“We keep an eye open in for example second hand stores, we never buy anything new! In our group, Peter is the ‘Head of aesthetics’, our final check: he knows exactly how and why pirates looked like they did. It is always a mix between pirate fantasy (how people expect pirates to look) and historically correct. We do have a look at paintings, where we always search for new details. For us it is amazing to visit the Netherlands. During the period we talk about, you were the best ship builders, sailors and sea traders! We have been to the Scheepsvaartmuseum, where we had so much fun and inspiration. We even received our money back, because in the eyes of the manager we were the main attraction that day!”

“So you were visiting a museum which perfectly fits your theme, but you are also playing at re-enactment festivals. How is it to see the audience dressed in pirate clothes?”

“That is absolutely wonderful, because then you know you are playing for a home crowd. From that moment we know that we are playing the game together with the audience. From that point it does not matter if they are grown up’s, which is our main audience, or children. In Scandinavian countries, people are expected to grow up and are hardly wearing costumes. Here in the Netherlands, people feel more freedom to dress themselves in the way they want to.”

“How do you prepare yourself before you go on stage?”

“Our preparation starts during our travels. We mostly travel by plane, and during the flight and the waiting we discuss what needs to be discussed. Because it would take a lot of space in our luggage, we always travel in our stage gear. We have noticed that people are always happy to see pirates and read about them, because they are the Robin Hoods of the sea. The fascination of pirates and the historical background will never leave in our opinion.”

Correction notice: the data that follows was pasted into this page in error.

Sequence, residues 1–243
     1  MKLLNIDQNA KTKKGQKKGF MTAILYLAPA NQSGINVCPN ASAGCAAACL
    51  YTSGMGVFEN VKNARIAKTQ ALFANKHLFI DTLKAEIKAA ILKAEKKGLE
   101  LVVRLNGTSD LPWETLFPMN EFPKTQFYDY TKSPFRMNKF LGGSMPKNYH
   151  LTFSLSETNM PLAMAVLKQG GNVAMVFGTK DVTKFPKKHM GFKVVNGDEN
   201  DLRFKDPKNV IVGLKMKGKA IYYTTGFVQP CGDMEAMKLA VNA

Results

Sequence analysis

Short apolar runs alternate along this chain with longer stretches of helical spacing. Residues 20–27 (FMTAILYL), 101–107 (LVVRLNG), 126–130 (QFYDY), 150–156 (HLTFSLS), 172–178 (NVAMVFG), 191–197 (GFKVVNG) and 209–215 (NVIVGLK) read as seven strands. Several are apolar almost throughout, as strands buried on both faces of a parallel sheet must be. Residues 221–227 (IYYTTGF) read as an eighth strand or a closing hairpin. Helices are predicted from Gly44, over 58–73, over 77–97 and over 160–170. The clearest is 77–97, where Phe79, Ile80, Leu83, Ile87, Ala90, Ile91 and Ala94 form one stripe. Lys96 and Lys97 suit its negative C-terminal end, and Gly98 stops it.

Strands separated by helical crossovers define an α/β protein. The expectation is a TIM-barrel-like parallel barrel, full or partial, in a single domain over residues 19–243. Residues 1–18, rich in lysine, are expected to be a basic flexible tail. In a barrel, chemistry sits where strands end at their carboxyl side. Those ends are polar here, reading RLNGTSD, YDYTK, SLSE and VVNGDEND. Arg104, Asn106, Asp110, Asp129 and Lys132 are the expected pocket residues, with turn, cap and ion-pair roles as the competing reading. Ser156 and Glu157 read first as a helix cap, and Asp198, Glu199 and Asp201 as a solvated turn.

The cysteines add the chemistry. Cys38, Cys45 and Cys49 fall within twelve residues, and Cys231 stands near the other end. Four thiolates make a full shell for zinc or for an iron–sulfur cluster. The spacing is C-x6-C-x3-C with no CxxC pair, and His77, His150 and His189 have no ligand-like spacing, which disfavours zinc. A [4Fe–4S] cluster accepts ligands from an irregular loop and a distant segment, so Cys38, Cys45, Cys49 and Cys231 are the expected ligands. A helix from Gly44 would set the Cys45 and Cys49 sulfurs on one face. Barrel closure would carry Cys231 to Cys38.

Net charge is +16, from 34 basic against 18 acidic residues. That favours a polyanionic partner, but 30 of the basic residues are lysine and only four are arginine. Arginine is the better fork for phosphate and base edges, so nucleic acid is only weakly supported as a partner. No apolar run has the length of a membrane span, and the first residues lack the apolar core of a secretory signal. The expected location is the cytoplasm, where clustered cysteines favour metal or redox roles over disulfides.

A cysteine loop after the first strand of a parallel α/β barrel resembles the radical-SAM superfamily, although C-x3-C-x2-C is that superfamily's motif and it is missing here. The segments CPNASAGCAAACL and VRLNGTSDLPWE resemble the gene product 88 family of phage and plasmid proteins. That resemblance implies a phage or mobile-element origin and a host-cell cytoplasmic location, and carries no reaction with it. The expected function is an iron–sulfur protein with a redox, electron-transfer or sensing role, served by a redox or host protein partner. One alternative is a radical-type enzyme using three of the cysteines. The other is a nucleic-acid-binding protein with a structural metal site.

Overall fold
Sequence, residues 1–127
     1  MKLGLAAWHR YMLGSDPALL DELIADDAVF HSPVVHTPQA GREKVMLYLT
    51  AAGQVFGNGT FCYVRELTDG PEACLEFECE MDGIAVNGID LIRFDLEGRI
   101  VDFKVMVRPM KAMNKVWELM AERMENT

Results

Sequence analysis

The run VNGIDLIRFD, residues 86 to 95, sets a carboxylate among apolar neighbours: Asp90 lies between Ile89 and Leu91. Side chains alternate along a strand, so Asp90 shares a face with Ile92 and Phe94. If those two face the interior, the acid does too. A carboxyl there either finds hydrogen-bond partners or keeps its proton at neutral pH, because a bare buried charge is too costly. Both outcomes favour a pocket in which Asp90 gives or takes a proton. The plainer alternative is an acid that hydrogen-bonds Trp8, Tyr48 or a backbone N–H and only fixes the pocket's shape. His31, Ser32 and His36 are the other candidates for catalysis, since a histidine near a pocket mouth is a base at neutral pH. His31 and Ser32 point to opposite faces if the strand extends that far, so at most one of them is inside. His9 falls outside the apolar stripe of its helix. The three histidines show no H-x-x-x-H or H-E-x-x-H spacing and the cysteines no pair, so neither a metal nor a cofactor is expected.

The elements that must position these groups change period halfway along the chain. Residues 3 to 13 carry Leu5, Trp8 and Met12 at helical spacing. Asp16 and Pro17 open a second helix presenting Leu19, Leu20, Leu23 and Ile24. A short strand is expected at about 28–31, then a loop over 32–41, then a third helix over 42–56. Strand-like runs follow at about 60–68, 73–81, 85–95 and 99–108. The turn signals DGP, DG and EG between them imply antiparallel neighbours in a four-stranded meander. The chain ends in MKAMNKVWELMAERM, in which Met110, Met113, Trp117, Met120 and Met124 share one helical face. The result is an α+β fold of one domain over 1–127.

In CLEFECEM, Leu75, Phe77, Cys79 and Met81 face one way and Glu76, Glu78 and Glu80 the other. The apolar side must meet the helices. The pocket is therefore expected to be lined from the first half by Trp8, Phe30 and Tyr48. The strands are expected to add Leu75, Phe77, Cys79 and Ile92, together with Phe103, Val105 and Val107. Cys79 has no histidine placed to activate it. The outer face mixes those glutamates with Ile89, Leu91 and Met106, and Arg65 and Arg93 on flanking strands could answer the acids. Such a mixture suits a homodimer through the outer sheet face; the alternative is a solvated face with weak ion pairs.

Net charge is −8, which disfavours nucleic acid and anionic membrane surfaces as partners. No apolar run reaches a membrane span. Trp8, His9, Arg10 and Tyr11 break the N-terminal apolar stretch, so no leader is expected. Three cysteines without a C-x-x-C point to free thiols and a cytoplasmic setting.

“With this, and the other interviews, I am trying to find a definition of creativity. Pirates: what is your definition of creativity?”

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“For me, creativity is something that pops up (in the way I think) and has to go out! It doesn’t matter if I am writing, signing or designing clothes: it comes naturally as an idea and with my creativity I am able to transform it to something real. So, to conclude, creativity for me is both a state of mind and a need.”

Magda “Märlprim” Andersson

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“For me, creativity is about fears and tears: this group allows me to make mistakes, and also learn how to grow. By learning, doing and growing, your creativity can be activated, whenever you are frightened or not.”

Björn “Bellows” Malmros

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“Being creative for me is redefining art. In a safe and comfortable place where you are allowed to experiment and make failures. Because sometimes being creative, is failing hundred times before you do it right.”

Jens Tzan “Wan Chou” Choong

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“For me, creativity is about crossing borders and reaching new ground. It is also about getting inspired by other people that are creative, which can help you to cross the borders to go further. Society creates so many borders (visible or not), and being creative is to deny or not even noticing those borders.”

Frida “Freebird” Granström

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“Creativity to me is this band: a creative output of ideas and souls, mixed in this group. Creativity is making something out of nothing and being able to see things from different angles. For example, you can analyse it with our music, our performance, our clothes, but also everything together. The creativity I am showing in this group is layered, and good creativity is always consisting of multiple layers. That’s what makes creativity and studying it so difficult.”

Peter “Blackpowder Pete” Mollwing

Text ©: Mike Warrink / Capturing Creativity

Photography ©: Henk Warrink / NCO Photography